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July 28, 2017

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Long Term Care Options - The Basics

February 27, 2017

 

No one needs a long term care policy, but everyone needs to know their options for long term care.  I've adopted this view and so far in all my discussions with clients and prospective clients, I have not seen a reason to think differently. 

 

The reason no one needs a long term care policy is that Medicaid will pay for your care.  It may not be what you want and the service may not be where you want, but it will be paid for.  Medicaid also requires that you spend almost all of your own assets before it will pay anything.  This situation is not optimal for most people who have built up a substantial asset base.  It's also emotionally difficult for a spouse or children. 

 

A long term care policy can protect personal assets.  The challenge is that long term care insurance isn't cheap.  It's the single largest factor that prevents people from purchasing long term care insurance.  However, there are many advantages with more recent policies.

 

First, in a traditional policy, many states now have partnership programs that allow you to retain personal assets and still receive Medicaid when the policy benefits run out.  For example, if your policy pays you $200,000 in benefits, you can keep $200,000 in assets and still receive Medicaid benefits.  The challenge with a traditional policy is that it's a "use it or lose it policy."  It's benefits are great, but if you never use the policy, You lose 100% of your premiums paid. Current projections are that 70% of people will need long term care.  That means there is a 30% chance that you'll never use the policy benefits. For couples, there is a 91% probability of one of you using the policy, so this makes more sense for couples.

 

Second, some carriers have developed asset based policies that include:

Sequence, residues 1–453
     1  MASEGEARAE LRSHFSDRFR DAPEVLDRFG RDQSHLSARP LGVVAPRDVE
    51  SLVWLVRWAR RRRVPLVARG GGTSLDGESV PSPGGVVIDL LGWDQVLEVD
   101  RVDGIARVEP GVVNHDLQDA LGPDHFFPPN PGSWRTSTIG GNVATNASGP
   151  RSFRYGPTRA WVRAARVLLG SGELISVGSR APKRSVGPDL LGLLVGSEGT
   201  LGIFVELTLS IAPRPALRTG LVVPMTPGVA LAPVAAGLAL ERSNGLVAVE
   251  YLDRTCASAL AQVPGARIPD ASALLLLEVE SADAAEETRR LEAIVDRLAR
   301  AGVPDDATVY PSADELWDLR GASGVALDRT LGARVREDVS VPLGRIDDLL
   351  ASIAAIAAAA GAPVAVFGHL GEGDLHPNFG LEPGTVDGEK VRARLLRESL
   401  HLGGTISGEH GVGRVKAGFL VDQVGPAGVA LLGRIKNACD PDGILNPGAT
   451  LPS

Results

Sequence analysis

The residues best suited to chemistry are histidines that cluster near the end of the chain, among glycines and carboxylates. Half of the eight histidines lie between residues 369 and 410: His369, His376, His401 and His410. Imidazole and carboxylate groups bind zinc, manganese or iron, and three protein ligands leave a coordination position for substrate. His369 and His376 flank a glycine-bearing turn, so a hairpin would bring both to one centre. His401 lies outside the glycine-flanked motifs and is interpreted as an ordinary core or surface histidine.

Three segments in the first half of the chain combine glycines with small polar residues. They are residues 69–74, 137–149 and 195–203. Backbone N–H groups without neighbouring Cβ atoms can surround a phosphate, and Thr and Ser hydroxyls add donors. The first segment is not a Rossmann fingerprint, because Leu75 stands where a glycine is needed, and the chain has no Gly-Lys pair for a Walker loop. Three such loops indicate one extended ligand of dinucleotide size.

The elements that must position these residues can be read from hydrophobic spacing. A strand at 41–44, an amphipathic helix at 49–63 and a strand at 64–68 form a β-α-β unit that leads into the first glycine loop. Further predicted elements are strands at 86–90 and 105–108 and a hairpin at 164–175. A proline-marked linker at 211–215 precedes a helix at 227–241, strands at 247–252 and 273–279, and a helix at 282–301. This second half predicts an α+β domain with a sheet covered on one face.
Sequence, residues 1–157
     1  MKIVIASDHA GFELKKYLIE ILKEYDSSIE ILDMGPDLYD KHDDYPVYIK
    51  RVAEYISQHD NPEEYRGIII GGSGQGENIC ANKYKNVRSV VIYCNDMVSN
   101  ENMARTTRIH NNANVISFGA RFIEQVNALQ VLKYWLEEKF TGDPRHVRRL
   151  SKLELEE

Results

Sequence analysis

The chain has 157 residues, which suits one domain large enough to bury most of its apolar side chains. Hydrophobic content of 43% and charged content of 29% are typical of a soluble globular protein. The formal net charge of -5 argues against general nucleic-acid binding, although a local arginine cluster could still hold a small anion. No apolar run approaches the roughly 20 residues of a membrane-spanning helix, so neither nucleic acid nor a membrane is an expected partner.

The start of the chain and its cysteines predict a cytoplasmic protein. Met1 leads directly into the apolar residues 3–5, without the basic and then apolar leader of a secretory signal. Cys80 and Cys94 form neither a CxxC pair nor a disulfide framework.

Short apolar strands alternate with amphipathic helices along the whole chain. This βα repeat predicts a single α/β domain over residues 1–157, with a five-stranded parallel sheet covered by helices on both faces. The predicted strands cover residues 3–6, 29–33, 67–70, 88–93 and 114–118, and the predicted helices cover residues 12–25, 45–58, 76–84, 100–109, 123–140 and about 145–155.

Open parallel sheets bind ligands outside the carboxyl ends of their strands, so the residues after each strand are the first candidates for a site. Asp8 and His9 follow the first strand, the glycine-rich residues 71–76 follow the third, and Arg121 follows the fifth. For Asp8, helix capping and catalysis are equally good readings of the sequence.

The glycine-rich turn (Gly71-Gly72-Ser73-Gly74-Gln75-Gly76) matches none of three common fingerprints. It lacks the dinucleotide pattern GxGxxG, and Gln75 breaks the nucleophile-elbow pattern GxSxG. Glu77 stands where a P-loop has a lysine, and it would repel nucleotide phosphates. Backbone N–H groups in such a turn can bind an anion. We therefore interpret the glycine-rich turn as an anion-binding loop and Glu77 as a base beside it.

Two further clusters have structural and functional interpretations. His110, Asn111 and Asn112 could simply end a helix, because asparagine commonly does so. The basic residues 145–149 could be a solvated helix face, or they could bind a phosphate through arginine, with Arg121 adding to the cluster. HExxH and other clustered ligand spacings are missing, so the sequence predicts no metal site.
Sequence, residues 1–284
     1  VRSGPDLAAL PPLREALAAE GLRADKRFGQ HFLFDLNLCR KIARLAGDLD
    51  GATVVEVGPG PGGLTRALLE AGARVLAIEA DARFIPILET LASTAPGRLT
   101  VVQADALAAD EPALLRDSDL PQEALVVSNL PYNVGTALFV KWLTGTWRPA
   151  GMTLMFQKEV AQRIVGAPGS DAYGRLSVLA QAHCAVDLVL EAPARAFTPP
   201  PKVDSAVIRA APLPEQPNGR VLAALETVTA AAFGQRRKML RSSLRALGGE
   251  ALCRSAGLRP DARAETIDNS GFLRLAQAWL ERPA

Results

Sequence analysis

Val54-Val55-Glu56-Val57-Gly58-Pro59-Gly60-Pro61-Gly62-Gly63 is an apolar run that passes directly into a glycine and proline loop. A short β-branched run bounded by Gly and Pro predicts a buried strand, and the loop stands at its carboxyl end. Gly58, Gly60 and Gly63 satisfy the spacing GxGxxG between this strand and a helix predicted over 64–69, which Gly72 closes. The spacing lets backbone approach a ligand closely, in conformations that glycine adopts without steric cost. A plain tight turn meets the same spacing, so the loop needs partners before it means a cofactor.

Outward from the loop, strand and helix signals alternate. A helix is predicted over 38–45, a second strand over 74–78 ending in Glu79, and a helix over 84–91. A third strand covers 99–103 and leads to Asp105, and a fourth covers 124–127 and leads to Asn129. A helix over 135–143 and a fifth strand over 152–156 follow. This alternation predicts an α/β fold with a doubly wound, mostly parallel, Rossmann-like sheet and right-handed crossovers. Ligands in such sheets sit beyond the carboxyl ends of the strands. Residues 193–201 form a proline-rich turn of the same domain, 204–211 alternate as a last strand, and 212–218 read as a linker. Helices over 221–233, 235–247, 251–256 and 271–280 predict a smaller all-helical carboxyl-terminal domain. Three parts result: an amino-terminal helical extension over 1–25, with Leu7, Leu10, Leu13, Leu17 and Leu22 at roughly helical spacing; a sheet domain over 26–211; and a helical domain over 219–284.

1. 100% return of premiums

  2. A life insurance benefit in case the policy is not used

  3. Cash value that can be used in loans to yourself

These policies are often on the surface more expensive, but the purpose of these policies is to provide the best of both worlds.  The savings features if you do not use the policy are not great, but they are competitive with money market rates or better.  This way, if you do not use the policy, you are not out $60,000 to $100,000 of premiums.  This policy is best for someone who has a fair amount of assets saved and can afford to take a cash position.  These types of policies are also flexible in some features that allow you to either develop cash value faster or provide more benefits sooner.  This policy is best for people who can see the policy as a transfer of assets from one holding to another rather than as an expense.  The policies have guaranteed premiums and are usually paid off in a lump sum or up to ten years.

 

All policies now allow the client to choose

  1. The desired amount of coverage per month

  2. The number of months of coverage

  3. The level of inflation protection desired

These factors along with an applicant's age and health history determine the rates. This allows a client to choose a policy that is affordable, even if it only covers a portion of expected long term care expenses.

 

While a person can save for long term care, most experts recommend that unless you have at least $1.5 million or more, a person should consider a long term care policy.  In many cases a person will not be able to save the money necessary to pay for long term care by him or herself.  As with any insurance policy, the goal is risk management.  What can you afford to do on your own and what you can't afford to lose are the factors to consider.  If you don't know, it's always best to consult with an agent an have illustrations of policies run for you.  If you are not confident in your agents' or your own ability to determine whether or not a policy is right or you, you can always consult with a financial adviser who can run some numbers for you.  You may not need a policy, but you do need to know your options. 

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